Progressive gene. (exhibition of Al and Beck Hansen's works)
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Take a listen to this. "Rubbish piles, fresh and plain. Empty boxes in a pawn shop brain. License plates stowaway. Standing in line like a readymade."
Get it? It's sort of like a mess aesthetic, right? Or maybe a cool poetry
thing. But it's not only poetry, because it comes with tunes and other assorted noises bursting out of the bulky bag of tricks belonging to the
world's most famous tiny Viking, Beck. Beck Hansen that is, grandson of another artistic rummager, the late Al Hansen. Frequently associated with
Fluxus and author of the now-classic A Primer of Happenings and Time/Space
Art (1965), the elder Hansen's influence on Beck seems obvious. Both play
with the notions of chance, coincidence, and the seductions of uncertainty.
Both believe that mistakes take you where you ought to be. And both are subjects of "BECK AND AL HANSEN: PLAYING WITH MATCHES," an exhibition organized
for the Santa Monica Museum of Art by guest curator Wayne Baerwaldt.
Comprising collages, assemblages, text pieces, photos, audio samples, and videos. "Playing with Matches" is situated at that compelling place
between the extraneous and the secret, between cynicism and sentiment. But it also works to suggest the total dumbness of the whole "who influenced
whom" setup - after all, everything's out there for everybody to muck around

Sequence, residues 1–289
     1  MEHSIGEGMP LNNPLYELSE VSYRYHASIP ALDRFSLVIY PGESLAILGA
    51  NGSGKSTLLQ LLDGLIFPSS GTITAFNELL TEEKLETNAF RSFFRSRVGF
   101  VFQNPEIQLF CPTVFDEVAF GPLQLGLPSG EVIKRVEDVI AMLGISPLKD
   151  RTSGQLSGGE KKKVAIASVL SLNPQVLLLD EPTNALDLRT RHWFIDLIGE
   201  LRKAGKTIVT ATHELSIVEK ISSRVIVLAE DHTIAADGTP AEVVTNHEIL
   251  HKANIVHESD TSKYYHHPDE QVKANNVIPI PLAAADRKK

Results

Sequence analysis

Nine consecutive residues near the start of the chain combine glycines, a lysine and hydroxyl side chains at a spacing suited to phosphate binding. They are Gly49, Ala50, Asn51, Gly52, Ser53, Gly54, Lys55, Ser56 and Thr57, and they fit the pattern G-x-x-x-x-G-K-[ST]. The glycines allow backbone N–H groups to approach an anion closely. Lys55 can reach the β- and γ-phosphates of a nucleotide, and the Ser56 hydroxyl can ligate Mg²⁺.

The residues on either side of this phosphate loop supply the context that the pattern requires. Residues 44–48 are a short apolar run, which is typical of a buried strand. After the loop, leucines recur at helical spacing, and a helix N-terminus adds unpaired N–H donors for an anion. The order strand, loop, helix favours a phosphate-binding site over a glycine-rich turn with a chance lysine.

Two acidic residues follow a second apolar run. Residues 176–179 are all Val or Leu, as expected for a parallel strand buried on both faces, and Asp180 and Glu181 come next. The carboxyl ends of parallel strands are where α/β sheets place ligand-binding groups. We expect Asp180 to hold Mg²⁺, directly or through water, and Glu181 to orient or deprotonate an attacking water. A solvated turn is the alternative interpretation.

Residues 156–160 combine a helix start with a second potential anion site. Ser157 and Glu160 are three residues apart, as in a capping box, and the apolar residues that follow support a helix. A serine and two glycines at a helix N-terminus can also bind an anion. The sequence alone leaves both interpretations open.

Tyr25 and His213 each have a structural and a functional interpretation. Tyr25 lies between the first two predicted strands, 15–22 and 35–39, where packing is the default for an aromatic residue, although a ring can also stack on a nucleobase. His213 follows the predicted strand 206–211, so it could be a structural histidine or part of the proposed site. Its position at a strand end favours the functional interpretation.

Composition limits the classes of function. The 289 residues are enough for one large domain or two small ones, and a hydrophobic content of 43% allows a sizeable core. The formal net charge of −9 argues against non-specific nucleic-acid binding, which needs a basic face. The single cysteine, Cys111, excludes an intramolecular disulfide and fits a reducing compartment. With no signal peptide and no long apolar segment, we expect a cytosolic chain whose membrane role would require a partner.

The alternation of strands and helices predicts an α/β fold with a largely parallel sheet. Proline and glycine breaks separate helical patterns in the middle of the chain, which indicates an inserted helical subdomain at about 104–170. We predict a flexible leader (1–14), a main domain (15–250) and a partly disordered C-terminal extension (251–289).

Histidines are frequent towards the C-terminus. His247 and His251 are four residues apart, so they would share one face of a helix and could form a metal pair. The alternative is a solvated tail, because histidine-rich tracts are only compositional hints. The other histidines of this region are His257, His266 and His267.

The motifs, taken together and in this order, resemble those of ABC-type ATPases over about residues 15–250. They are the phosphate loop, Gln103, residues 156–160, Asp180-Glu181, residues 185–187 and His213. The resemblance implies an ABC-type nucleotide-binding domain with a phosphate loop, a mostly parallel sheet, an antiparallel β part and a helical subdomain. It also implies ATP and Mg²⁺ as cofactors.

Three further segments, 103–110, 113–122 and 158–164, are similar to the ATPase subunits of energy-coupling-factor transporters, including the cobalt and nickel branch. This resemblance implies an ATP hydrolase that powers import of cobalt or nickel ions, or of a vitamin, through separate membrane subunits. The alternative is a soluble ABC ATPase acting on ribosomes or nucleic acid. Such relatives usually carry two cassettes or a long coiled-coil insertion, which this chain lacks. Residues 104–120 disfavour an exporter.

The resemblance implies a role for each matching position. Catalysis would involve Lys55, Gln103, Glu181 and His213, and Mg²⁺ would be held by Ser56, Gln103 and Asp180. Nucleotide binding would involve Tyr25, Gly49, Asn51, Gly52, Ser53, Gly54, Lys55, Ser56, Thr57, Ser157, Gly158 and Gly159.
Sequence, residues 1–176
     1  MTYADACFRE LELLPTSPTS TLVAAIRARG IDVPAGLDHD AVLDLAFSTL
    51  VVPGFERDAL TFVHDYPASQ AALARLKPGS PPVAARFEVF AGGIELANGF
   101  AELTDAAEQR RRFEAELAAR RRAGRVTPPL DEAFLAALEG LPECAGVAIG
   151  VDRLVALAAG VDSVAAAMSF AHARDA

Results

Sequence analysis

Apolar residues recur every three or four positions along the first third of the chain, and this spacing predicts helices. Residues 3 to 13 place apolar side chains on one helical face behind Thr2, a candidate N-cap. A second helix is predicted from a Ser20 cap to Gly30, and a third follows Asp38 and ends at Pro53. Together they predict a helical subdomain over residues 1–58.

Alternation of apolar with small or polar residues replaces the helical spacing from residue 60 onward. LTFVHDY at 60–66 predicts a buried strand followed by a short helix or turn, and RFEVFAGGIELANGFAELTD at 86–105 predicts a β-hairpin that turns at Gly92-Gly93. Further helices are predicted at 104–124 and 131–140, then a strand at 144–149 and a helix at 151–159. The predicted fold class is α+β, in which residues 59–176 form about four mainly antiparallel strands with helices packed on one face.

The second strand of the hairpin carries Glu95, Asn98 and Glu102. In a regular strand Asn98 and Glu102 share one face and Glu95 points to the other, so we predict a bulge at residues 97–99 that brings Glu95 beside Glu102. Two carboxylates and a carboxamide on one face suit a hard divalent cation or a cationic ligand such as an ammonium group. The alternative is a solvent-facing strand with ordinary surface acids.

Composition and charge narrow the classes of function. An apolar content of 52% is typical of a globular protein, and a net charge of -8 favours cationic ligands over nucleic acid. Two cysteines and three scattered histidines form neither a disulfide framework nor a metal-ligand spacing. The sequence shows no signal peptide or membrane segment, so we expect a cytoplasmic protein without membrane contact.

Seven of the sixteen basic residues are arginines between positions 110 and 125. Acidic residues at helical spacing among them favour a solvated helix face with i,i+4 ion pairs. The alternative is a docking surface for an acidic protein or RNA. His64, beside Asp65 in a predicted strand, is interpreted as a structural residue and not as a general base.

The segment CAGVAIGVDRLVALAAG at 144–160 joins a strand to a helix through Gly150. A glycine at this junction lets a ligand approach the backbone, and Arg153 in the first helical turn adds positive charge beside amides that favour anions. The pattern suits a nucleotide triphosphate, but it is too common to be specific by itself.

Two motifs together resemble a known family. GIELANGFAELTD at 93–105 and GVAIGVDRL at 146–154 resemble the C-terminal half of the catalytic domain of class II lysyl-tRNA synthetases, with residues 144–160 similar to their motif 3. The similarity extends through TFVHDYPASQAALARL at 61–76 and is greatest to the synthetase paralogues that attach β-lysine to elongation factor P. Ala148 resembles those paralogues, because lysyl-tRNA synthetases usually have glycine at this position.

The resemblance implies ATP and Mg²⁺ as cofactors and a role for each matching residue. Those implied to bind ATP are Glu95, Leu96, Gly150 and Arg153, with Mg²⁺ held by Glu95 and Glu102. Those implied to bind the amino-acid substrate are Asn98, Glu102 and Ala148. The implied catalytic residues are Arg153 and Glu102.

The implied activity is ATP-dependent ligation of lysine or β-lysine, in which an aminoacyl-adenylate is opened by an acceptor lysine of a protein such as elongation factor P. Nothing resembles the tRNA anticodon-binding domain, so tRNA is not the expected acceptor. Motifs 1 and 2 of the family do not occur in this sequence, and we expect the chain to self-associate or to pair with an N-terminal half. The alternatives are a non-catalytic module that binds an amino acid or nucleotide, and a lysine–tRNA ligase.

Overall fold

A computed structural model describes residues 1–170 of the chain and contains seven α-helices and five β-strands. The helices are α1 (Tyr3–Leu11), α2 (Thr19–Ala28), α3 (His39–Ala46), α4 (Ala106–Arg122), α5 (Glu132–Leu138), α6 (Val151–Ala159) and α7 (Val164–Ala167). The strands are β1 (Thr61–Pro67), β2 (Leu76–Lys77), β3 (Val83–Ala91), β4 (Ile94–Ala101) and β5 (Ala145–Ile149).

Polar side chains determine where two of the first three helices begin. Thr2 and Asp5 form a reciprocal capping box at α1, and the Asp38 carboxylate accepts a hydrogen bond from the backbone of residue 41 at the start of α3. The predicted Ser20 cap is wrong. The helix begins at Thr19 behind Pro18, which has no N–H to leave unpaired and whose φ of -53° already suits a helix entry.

in, right? I mean, in a funny, roundabout way, the Hansens have managed to take the collision of influences that most people
experience as the full emptiness of life and turn it into art.
Of course, it's no coincidence that such an exhibition appears now. Beck's
emergence as a full-fledged pop star adds focus to the unfocused mayhem of sounds and signs that make for global culture - not of the singular
"we are the world" variety but a chaotic planetary accumulation of garbage,
"masterpieces," winners, losers, two turntables and a microphone. Chewed
up by the cool and scary fangs of irony, our cultural remainders become a kind of sonic gruel: grist for the endless recycling and modification
of what might he hot or not for the next two seconds. So obviously, what
makes Beck an "artist," what allows him to be museumified, is not just his collages on paper, but the fact that he's figured out ways to link
the ironic contempt of cultural commentary with the powerful pull of generously
tuneful hooks - that he uses sounds and songs to eloquently objectify his
experience of the world.
So the lurch from Al's notational obsessions, nonstop collaging, and insistence
on an art of portability to Beck's sonic swipes of hip-hop, punk, hardcore,
folk, R&B, and everything else can be seen as a canny translation of marginalized
"avant-garde" activities into the shiny incessant appropriations of pop culture.
Beck's achieving prominence on his own terms would be nothing new within the so-called art world, but in the music business it's a formidable
accomplishment that molds his quirky intelligence with the desires and affections of current tastes. (Of course, in a music industry powered by
beauty and sexuality, his youth and adorability don't exactly work against
So "Playing with Matches" suggests a lineage that's not only familial but also cross-subcultural. The show asks us to consider how subcultures
function as framing devices that offer both comfort and curtailment: from
the art world's ability to nurture ambition within its increasingly marginalized
terrain to the music industry's promise of profitability and global popularity
- at the expense, all too often, of the edgy astonishment that comes with
really good art.